Central Europe Activ

After officially counting the postal votes and closing the reuslts, Slovenian Prime Minister Janez Jansa at last conceded defeat in Slovenia’s elections. The most likely prime minister is Mr Borut Pahor, whose Social Democrats may form a coalition with a handful of smaller parties.

Slovenia won independence from Yugoslavia in 1991. The country war more or less uninteruptedly governed by the Liberal Party until 2004, when Mr. Jansa’s centre-right Slovene Democrats came to power. In this years election campaign the government was criticized with corruption, and allegedly improper influence on the police, judiciary and the media. The Social Democrats, who won 29 out of the 90 seats of the national assembly, are the successors of the former Communists, and they had been a minor partner of the Liberals before 2004. It is likely that the Liberals, who have lost their popularity over the last two parliaments, will be one of the Social Democrats coalition partners.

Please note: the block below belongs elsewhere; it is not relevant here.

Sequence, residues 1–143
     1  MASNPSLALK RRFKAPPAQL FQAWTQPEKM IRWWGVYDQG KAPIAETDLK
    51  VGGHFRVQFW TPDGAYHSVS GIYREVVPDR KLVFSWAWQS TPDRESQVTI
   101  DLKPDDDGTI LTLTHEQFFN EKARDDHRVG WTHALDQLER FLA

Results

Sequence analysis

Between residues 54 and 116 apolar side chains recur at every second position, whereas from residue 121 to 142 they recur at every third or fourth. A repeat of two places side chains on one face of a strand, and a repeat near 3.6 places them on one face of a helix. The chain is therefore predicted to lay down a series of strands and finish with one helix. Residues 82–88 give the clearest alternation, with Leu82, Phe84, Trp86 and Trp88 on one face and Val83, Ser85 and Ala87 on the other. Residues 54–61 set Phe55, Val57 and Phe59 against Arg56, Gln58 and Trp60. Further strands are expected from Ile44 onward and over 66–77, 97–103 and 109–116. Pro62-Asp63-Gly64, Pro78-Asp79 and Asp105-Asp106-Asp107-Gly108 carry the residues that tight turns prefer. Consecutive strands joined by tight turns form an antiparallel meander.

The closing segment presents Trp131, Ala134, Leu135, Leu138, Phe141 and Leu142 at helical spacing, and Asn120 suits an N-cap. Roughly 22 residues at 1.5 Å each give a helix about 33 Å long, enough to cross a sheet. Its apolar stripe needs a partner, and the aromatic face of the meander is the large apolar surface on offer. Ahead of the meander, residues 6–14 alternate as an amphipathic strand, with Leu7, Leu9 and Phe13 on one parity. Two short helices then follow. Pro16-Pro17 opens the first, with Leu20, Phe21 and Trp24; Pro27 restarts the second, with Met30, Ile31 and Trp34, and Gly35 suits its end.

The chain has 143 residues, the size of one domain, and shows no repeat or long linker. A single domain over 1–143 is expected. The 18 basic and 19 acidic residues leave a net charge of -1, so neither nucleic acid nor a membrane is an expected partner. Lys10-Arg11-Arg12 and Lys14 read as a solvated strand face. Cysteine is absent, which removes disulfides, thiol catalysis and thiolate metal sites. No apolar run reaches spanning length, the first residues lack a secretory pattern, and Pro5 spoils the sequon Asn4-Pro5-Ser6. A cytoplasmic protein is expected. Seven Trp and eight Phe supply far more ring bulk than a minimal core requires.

Slovenia is a small country between Italy, Austria, Hungary and Croatia by the Adriatic. It is home to 2 million Slovenes (some more live in the neighboring countries, mainly in Austria, where the country belonged before 1919). It is the richest of the former East-bloc European Union member states and was the first in this group the adopt the euro.

The story of a major transition Liberal Party becoming a minor partner for the reformed Communists and a populist, muscular center-right party which hardly accepts defeat and calls for irregularities in the elections that they themselves have organized are very familiar in Hungary: we had a very similar story going on between 1998 and 2006.

Link: Trend news.

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